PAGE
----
Weekly Colloquium

Most weeks during the semester, we host a scholar for a one-day visit. The visit culminates with a public talk on a topic of contemporary physics or astronomy. Students are welcome to these talks, and seniors are required to attend at least nine over the course of a year. Near the end of each semester, honors thesis students give public lectures on their work.   

Our Astronomy program is part of the Five College Astronomy Department, which hosts its own colloquium series Thursdays at 3:45 pm at UMass. 

  • Contact colloquium organizer Alice Simmoneau with any questions about colloquia, or being added to our mailing list.

Tuesday, April 2, 2019

Tue, Apr 2, 2019

"Superconducting Circuits for Quantum Metrology with Squeezed Microwaves": Talk by Andrew Eddins '11

Andrew Eddins '11 from the Department of Physics at the University of California, Berkeley, will discuss "Superconducting Circuits for Quantum Metrology with Squeezed Microwaves."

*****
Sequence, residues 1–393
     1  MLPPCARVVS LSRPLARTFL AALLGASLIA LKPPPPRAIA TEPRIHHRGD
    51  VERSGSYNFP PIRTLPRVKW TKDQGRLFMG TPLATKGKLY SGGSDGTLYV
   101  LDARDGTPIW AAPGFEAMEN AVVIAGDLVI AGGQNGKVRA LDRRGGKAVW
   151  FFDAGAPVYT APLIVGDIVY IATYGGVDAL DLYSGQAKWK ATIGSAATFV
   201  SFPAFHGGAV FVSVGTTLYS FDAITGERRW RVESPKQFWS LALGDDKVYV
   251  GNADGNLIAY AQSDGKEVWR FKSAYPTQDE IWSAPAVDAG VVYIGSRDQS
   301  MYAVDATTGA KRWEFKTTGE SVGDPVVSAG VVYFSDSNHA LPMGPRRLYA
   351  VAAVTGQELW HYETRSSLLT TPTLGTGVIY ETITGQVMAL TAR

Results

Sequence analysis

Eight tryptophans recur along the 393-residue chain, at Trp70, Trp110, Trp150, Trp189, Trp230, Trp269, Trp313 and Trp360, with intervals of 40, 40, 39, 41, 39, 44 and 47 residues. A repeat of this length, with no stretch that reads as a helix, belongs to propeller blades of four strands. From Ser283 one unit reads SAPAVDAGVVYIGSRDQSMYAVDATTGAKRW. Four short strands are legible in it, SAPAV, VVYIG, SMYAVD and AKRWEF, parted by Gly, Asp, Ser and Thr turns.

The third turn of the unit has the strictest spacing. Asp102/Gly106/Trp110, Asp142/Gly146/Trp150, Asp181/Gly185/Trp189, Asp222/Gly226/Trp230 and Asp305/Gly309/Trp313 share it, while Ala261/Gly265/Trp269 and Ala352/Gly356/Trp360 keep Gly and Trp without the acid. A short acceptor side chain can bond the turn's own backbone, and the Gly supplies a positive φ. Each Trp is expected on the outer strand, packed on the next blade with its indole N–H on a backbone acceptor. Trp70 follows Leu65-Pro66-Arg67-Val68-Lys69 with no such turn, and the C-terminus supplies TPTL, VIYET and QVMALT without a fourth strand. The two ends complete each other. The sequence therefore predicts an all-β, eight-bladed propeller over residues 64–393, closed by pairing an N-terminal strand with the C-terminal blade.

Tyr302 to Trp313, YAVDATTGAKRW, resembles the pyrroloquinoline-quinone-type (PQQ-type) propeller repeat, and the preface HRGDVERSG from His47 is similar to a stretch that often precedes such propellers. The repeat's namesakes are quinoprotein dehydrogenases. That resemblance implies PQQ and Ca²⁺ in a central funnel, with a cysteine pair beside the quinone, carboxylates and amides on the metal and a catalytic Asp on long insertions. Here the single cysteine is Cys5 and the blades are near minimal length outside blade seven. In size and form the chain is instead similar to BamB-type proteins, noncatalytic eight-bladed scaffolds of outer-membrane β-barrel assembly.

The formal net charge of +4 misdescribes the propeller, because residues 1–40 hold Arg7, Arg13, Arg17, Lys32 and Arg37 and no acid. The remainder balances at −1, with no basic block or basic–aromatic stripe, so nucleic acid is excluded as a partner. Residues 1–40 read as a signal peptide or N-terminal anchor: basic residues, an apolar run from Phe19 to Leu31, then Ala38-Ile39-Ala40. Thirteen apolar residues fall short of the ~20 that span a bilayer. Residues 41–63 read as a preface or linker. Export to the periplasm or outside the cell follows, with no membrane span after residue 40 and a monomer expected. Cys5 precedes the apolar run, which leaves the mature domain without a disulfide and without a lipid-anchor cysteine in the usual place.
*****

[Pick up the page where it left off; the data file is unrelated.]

Abstract: Intensive development of superconducting circuits has been driven by the prospect of quantum-computing applications. While most agree that practical quantum computers remain many years away, the interim development of quantum circuits opens previously inaccessible classes of quantum-physics experiments. For example, circuits have recently emerged as a powerful platform for studying the interaction of matter with a distinctly quantum type of radiation known as “squeezed” radiation, famous for enabling precision beyond the limit set by intrinsic quantum uncertainty, yet notoriously difficult to couple to in conventional AMO setups using lasers and atoms. In this talk, I will present a brief introduction to superconducting circuits, then discuss two experiments leveraging the circuit environment’s compatibility with squeezing, first studying how squeezing modifies fluorescence spectra of an atomic system, and second investigating the use of squeezing for the readout of a quantum-bit, the building block of proposed quantum computers. The results include the first confirmation of two nearly three-decade-old predictions of quantum optics, and the first demonstration that squeezed microwaves can improve the signal-to-noise ratio of quantum-bit readout."